Sr. Kathryn Press, third in the first row, is pictured with pilgrims from the Diocese of Waterford and Lismore at the vigil preparing for the missioning Mass with Pope Francis, during World Youth Day. (Courtesy of Sr. Kathryn Press)
We left early Saturday morning. Our destination: a converted landfill on the outskirts of Lisbon renamed the "Campo da Graça" or "Field of Grace." Temperatures climbed above 95 F. With the crowds, it took us two hours to walk two miles. Along the way we sang with pilgrims from Mexico. I ran into nun friends from Spain. A French group passed by in matching "Where's Waldo?" T-shirts.
We made it to our allotted section in the field and rested in makeshift tents to avoid the heat. Dust stuck to the sweat and sunscreen covering our bodies. This was the moment we'd been waiting for. World Youth Day, a multi-day event with Catholics from all over the globe, culminates in an all-night vigil and an early morning Mass.
As the evening cooled, we played Uno and swapped trinkets with pilgrims from various countries. People kept coming. Surrounding our group of 35 Irish pilgrims were Portuguese, Italians, Americans and Filipinos. Over the course of the week, I met pilgrims from 62 countries.
After Pope Francis arrived, we had an hour of quiet prayer. Respectful, reverent, still. Groups continued to pour into the field overnight, some even sleeping on the highway. People continue to chat, play soccer, and pray throughout the night.
Just before 7 a.m., Padre Guilherme Peixoto, a Portuguese priest DJ, came onstage to rouse the crowd. (For the curious, the 30-minute techno concert is on YouTube.) The joy and energy escalated, especially as we looked around to see even more people.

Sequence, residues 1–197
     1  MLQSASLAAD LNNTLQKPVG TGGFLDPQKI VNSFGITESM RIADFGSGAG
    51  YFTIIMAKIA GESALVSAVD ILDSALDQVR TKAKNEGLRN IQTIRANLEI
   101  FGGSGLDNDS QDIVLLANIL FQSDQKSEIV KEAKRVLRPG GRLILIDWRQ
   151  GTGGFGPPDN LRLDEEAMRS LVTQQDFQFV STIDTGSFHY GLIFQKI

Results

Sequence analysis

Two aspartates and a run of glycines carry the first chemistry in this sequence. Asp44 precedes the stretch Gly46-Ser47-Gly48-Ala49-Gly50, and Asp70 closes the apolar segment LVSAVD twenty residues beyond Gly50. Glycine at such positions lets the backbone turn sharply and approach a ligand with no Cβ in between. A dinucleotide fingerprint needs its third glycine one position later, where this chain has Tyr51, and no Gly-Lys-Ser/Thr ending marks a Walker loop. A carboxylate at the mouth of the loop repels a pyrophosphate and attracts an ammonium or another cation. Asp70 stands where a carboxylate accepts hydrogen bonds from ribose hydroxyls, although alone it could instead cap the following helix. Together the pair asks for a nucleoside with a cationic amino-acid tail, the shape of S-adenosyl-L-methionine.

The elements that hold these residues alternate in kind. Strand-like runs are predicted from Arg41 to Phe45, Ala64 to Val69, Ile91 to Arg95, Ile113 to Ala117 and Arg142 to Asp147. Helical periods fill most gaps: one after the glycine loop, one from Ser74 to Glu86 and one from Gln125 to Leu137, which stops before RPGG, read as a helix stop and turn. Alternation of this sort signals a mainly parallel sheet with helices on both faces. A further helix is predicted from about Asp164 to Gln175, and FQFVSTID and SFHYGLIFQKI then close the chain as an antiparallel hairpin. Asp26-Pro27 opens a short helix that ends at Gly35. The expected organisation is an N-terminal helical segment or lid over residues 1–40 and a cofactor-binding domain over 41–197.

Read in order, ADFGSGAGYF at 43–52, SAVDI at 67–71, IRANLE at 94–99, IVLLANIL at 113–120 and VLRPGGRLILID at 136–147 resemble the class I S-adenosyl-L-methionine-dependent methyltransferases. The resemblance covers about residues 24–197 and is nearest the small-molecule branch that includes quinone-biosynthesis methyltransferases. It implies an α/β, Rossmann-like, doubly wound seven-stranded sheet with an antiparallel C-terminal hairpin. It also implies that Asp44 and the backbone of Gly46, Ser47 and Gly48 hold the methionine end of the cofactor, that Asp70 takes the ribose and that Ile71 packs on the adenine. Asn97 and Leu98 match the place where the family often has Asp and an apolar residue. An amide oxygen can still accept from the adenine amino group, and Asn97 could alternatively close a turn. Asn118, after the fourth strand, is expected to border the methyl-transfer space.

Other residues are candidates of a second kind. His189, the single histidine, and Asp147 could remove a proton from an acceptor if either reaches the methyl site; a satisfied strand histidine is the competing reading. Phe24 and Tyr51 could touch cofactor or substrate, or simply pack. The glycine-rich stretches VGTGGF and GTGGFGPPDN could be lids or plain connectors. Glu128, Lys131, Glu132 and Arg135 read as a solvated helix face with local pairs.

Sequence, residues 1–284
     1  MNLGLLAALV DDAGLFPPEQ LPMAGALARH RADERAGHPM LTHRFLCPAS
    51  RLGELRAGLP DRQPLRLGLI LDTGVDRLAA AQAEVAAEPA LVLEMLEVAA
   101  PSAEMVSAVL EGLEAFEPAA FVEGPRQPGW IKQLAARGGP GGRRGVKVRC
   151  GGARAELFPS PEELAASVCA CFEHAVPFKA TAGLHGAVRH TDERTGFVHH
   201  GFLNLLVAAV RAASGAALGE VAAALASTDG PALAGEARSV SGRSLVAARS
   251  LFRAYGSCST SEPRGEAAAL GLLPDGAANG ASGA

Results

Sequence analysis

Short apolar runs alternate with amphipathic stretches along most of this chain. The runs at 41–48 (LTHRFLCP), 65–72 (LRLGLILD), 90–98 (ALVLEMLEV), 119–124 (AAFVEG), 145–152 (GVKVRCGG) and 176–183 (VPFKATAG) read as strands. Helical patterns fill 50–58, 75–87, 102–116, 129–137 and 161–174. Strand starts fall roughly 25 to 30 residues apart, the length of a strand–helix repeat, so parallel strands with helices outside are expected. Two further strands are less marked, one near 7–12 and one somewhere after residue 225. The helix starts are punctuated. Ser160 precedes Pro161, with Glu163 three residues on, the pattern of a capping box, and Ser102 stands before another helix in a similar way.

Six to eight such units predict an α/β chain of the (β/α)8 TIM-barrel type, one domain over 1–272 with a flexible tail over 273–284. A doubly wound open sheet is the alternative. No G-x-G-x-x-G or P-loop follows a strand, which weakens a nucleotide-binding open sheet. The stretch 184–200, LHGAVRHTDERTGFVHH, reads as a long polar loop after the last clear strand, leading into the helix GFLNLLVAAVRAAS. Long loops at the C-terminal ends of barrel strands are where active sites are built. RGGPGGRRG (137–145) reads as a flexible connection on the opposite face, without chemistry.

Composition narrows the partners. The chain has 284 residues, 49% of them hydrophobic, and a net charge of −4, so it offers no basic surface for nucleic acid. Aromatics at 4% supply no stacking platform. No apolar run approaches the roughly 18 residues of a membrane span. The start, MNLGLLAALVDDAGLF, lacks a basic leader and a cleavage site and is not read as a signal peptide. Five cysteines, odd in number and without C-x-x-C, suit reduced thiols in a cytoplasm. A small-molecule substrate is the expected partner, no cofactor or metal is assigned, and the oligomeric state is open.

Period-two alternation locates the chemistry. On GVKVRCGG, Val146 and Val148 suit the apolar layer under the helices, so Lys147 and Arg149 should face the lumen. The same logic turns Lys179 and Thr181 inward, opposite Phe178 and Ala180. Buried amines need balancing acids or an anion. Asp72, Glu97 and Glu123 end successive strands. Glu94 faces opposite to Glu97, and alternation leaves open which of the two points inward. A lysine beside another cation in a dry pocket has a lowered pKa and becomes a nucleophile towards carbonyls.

The missioning Mass took over an hour, but the time passed quickly. We listened to simultaneous translation on our phones or radios. Pope Francis encouraged us "to shine, to listen, and to be unafraid." The 86-year-old pontiff spoke directly into the experience of the 20-year-olds around me and into my heart as well.
I didn't go to World Youth Day for a concert or even to see a celebrity. It wasn't about being entertained. Instead, I took a physical journey to mirror an internal, spiritual one. I wanted to come back a different person.
Altogether, the vigil event was 22 hours of sweat, dust, silence, song and joy. (While walking back was less crowded, it took us longer from the 100-degree heat.) I felt physically exhausted and spiritually renewed.
Yes, young people leave the Catholic Church, and the number of "nones" seems to be increasing, but I've seen a counternarrative firsthand. The 1.5 million young people around me in the Field of Grace witnessed a faith that isn't dead. I believe. Young people believe. It's time to rise up and share this Good News!